In the previous post, we discussed about the basics of the radioactivity. We know that the radioactive isotopes interact with the matter, causing ionization and excitation and that radioactivity be can be detected by different devices on the basis of its property to ionise gas atoms.

Radioactivity Detection
Methods of Detection of Radioactivity

The property of the radioactive compounds to cause excitation is also used to detect the radioactive matter in the instrument called as Scintillation counter. In this instrument, the radiation is allowed to interact with a crystal or fluor which emits photons of light. These photons emitted appear like small flashes of light, a process known as scintillation. These flashes are detected and further analysed.

Scintillation counter can be used for both quantitative and qualitative purposes:


As the number of scintillations is proportional to the rate of decay (that is the radiation emitted) of the sample, the amount of radioactivity can be quantified.


Different radiation differ in the level of energy, resulting into the lights of different intensities. Hence the instrument can differentiate between different radiations.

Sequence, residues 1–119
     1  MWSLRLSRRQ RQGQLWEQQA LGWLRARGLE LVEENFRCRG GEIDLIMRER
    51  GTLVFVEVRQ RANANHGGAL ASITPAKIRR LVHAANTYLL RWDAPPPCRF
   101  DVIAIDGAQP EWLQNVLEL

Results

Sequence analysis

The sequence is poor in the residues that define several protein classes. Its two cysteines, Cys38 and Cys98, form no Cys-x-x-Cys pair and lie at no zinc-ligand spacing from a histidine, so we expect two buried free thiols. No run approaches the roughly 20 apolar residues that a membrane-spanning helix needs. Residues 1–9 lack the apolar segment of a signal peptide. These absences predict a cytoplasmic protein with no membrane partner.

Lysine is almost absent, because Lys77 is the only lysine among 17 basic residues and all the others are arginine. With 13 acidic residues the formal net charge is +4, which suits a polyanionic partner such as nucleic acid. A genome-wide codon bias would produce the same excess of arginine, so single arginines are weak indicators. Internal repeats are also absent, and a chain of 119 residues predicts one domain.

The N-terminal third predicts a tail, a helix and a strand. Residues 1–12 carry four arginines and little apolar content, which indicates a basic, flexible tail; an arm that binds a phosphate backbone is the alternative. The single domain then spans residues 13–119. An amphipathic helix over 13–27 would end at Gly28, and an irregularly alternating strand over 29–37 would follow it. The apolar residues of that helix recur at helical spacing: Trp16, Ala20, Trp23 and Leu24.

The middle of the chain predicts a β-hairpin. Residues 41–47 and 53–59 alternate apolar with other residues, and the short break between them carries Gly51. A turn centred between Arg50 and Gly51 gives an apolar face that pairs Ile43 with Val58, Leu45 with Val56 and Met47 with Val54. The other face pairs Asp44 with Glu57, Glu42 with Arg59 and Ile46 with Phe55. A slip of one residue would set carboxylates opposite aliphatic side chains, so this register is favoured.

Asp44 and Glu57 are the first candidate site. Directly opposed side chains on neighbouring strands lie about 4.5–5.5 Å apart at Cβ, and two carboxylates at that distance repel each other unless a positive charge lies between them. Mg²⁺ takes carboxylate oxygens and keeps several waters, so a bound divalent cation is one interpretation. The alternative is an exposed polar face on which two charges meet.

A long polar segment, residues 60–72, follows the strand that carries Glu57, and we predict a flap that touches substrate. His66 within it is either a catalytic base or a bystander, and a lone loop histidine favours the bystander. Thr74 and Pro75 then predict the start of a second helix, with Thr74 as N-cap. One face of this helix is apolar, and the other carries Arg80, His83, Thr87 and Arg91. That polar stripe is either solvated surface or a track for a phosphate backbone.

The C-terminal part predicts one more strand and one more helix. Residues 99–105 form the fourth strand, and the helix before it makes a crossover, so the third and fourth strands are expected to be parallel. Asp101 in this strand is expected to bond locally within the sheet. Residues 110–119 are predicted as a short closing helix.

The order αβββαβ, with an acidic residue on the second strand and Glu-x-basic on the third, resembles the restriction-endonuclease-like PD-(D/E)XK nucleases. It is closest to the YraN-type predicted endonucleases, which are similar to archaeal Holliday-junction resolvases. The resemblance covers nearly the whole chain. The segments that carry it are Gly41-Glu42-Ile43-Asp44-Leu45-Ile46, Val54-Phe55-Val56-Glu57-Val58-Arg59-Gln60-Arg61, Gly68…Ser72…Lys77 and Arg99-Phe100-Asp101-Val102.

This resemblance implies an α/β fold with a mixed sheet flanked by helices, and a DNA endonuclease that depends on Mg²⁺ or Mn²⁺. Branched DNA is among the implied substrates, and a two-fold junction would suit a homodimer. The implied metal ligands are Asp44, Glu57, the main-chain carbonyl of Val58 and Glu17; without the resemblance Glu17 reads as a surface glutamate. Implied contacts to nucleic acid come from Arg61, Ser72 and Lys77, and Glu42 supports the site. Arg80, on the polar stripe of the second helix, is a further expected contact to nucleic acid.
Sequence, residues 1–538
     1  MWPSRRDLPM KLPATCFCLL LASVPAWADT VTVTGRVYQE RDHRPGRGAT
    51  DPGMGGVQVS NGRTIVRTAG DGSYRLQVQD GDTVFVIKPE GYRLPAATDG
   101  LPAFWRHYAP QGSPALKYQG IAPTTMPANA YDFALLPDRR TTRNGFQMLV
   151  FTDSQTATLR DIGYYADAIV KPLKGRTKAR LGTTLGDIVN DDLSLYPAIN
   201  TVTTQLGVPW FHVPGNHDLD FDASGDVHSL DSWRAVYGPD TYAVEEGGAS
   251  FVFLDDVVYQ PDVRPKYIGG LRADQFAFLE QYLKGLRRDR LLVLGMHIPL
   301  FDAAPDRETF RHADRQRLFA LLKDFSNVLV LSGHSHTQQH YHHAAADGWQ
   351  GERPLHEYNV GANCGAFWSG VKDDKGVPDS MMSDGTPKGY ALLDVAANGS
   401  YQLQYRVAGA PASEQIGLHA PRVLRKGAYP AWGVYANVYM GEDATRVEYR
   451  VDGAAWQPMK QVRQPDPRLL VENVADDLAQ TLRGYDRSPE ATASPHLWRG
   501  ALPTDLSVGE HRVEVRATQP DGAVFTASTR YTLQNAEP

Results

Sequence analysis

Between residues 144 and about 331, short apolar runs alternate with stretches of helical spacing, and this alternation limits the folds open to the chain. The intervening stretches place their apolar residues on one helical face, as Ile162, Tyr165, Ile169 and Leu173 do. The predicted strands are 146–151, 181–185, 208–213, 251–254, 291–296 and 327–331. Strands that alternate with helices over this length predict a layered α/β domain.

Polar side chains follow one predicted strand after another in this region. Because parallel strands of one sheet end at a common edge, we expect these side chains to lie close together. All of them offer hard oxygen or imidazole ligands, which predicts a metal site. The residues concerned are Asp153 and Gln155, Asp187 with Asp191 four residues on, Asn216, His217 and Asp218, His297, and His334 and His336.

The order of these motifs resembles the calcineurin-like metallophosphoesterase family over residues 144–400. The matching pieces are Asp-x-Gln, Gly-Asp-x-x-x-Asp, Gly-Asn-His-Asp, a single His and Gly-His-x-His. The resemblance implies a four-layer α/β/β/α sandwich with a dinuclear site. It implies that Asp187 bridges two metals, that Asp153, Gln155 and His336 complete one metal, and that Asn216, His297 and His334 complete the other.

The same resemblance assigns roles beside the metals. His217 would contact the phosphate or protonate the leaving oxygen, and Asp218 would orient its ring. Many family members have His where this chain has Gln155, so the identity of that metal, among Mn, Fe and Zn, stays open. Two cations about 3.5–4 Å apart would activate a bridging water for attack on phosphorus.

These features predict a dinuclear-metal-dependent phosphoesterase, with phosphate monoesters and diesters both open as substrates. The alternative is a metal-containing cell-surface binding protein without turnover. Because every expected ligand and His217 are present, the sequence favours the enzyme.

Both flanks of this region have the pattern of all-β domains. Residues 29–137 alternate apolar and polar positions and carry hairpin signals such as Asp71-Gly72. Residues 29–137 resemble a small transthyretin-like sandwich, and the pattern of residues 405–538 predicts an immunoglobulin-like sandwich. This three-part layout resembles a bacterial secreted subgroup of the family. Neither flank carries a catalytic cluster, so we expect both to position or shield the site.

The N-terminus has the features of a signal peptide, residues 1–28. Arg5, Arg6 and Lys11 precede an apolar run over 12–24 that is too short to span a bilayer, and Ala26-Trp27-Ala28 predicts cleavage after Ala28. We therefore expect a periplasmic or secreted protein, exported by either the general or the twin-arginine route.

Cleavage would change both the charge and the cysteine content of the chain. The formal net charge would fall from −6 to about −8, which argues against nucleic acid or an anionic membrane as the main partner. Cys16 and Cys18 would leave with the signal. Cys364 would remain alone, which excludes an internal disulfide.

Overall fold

The scintillation counter has three major parts; a scintillator, a photodetector and an analyser.

a. Scintillator:

Scintillator consists of a crystal or a fluorescent material. These materials absorb the energy from the radioactive radiation and get excited and fluoresce like a flash of light, phenomenon known as scintillation.

b. Photodetector:

The flash of light or photon then passes to the photodetector. The function of a photodetector is to convert the fluorescent light into electrical signal. One such photodetector is photomultiplier. It is a vacuum tube, in which the photon passes from the fluor to the photocathode. A photocathode is cathode coated with a photosensitive compound, which on getting excited by photon releases electrons. These electrons are directed towards a dynode, The dynodes when hit by single electron causes emission of more electrons. Each dynode hence releases more electrons then the previous dynode and amplifies the signal. Hence the device is called photo’multiplier’. The electrons emitted by the last dynodes reaches the anode and the flow of current is detected and further can be analyzed by the computers. Other photodetectors used are silicon photodiodes

There are two types of scintillation counters based on the fluorescent material used and the set up. They are:

  1. Solid scintillation
  2. Liquid scintillation


1. Solid scintillation: